In the last 60 years, in contrast to what happened during the Great Depression and until the mid-1950s, the dividend yield of the S&P 500 has been lower than the yield on long-term U.S. treasuries. A market in which the dividend yield is lower than the risk-free rate is one that implicitly and confidently expects dividend growth to close the negative gap between the dividend yield and the risk-free rate (almost -8% around 1980, -4.5% in 2000). This follows from the fact that the expected return from an equity investment is the sum of the dividend yield and the expected growth rate of the dividend. For a short period in June 2016, the dividend yield surpassed the U.S. treasury rate. Since then, the dividend yield has fallen back below the U.S. treasuries yield. These two yields are unusually close to each other, a pattern which reveals very much diminished growth expectations (see Figure 4). While this is comforting, it also means there is little room to accommodate dividend cuts.

Admittedly, the history of dividends in the U.S. equity market shows that dividend cuts have been rare events. Over the last four and a half decades, dividends were chopped only eight times and only once significantly in 2008. Barring an economic contraction as severe as the one experienced in 2008, it seems reasonable to assume that dividends are unlikely to be cut across the board. Under this assumption, it is reasonable to consider stocks with high dividend yields as an alternative to fixed income investments.

**Figure 4 Dividend yield and U.S. treasuries are relatively close**

Investors might wonder what happens if interest rates drop below the dividend yield. This happened in Japan in the last decade: In September 1998, the dividend yield of the Japanese market fell below 10-year bonds for the first time in recent history, but very briefly. During the following nine years, the two yields remained very close to one another. Since 2007, the dividend yield has increasingly exceeded the interest rate. The yield on 10-year JGBs and trend nominal GDP growth have both been falling for more than four decades (see Figure 5). This pattern matches the Gordon-Shapiro model: falling interest rates are consistent with slower and slower growth, which call for a higher risk premium.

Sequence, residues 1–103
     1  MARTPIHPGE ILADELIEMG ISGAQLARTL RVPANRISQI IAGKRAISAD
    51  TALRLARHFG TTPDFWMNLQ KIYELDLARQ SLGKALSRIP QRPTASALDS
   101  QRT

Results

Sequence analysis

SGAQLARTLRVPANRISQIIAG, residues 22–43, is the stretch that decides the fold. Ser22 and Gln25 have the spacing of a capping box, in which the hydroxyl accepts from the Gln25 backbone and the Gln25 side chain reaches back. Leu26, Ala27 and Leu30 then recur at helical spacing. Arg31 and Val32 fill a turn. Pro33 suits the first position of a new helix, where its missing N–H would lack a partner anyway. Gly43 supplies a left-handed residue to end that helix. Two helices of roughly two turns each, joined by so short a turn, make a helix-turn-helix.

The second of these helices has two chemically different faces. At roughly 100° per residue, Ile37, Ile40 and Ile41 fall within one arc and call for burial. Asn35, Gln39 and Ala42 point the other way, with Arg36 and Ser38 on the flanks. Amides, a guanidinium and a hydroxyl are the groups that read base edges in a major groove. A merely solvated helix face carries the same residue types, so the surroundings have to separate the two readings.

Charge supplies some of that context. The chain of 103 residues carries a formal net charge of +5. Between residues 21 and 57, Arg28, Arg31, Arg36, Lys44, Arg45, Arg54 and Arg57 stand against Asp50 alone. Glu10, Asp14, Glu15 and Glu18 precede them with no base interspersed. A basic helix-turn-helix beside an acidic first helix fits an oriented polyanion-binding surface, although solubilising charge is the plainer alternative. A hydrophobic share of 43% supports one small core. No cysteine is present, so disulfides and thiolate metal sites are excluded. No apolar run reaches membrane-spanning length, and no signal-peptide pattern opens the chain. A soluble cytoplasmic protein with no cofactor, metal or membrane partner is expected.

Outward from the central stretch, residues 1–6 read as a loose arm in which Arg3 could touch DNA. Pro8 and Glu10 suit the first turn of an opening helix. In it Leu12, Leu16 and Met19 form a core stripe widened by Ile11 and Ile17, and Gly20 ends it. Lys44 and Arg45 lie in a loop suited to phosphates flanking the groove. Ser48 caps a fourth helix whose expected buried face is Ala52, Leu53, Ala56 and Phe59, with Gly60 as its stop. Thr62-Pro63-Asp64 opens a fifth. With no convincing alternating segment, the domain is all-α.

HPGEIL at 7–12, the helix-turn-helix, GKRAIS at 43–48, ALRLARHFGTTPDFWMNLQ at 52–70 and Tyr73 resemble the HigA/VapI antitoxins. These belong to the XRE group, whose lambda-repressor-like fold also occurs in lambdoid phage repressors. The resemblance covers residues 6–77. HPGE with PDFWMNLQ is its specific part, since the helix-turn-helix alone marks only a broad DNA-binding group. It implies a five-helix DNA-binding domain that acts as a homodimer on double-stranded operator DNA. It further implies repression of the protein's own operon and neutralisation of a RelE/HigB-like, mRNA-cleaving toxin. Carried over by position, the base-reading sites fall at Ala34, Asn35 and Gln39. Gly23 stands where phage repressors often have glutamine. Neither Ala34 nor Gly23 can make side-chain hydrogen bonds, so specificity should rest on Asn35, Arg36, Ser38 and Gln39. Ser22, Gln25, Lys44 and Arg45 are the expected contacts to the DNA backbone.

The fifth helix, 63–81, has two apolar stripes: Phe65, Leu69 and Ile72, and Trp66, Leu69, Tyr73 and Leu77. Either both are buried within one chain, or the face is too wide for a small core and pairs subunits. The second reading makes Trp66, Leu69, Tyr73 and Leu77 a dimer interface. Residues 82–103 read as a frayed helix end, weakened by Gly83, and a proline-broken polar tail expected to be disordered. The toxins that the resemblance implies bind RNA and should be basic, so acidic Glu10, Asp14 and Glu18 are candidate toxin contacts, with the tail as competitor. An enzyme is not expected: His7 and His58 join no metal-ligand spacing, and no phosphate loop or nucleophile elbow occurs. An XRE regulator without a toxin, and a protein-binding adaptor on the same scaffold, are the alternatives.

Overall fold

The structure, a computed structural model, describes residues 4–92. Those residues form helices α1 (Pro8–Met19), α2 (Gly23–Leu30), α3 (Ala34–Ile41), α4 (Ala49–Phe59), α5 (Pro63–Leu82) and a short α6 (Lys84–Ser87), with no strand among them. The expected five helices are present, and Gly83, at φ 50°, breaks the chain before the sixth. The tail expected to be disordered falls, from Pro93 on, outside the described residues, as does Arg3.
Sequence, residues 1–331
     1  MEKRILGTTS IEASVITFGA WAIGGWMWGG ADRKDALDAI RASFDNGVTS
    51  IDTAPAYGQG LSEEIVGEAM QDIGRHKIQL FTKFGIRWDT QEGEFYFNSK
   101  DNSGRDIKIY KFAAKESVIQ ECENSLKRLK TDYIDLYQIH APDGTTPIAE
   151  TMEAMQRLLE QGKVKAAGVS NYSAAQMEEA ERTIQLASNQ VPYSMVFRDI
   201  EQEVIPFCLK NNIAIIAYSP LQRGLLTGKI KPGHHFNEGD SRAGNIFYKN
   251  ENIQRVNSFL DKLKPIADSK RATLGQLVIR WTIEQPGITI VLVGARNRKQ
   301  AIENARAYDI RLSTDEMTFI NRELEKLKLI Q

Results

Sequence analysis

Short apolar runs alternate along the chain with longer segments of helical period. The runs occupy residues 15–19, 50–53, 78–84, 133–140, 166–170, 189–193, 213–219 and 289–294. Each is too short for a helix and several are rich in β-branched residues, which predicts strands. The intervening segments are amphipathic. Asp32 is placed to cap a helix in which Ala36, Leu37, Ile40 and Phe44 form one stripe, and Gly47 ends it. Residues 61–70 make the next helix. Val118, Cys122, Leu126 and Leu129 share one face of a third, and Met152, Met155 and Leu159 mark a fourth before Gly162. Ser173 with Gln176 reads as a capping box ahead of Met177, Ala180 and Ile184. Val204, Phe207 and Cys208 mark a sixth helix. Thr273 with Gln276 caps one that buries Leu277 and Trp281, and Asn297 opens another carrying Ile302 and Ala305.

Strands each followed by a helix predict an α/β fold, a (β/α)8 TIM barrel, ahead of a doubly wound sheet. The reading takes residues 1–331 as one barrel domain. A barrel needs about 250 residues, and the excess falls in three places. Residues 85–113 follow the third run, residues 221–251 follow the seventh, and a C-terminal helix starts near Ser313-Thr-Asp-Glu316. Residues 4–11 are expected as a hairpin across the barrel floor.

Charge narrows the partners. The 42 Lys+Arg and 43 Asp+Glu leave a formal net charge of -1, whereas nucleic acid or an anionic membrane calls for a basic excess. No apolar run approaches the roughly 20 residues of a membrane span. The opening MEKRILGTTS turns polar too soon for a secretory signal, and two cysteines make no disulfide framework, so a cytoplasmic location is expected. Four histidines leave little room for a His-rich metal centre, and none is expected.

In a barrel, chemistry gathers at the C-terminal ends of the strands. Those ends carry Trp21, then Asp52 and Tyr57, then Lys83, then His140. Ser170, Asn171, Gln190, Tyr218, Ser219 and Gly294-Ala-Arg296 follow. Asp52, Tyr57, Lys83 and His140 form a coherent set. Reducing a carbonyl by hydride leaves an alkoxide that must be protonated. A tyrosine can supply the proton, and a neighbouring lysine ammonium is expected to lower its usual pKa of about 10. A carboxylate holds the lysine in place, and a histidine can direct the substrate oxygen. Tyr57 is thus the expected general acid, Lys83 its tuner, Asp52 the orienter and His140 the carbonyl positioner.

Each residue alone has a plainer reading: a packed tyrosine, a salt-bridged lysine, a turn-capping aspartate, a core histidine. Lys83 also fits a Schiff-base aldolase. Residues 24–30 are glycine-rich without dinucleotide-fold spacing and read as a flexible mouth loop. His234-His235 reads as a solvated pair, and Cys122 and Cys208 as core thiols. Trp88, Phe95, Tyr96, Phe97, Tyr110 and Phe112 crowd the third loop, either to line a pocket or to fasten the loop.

The Japanese example provides investors with two important takeaways. First, interest rates do not decrease by accident; they do so because growth is slowing down, which in turn diminishes growth expectations. Second, when interest rates are approaching zero, the equity risk premium rises, which in turn pushes the dividend yield up.

**Figure 5 There is a link between growth and 10-year bonds**

When making investment decisions, it is easy and tantalizing to only refer to the recent past or to geographically limited experience. However; the history of interest rates and dividend (or earnings) yields in countries having experienced a diversity of economic conditions (deflation, disinflation, stagnation…) encourages us to learn qualified lessons, and to adjust our expectations accordingly. If low or even negative interest rates are here to stay beyond the typical cyclical horizon, investors should adapt to this challenging environment. The equity market offers an alternative with earnings and dividend payments. However, investors should remember that low interest rates come along with diminished growth expectations and rising risk premiums.

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Are low interest rates necessarily good for equities?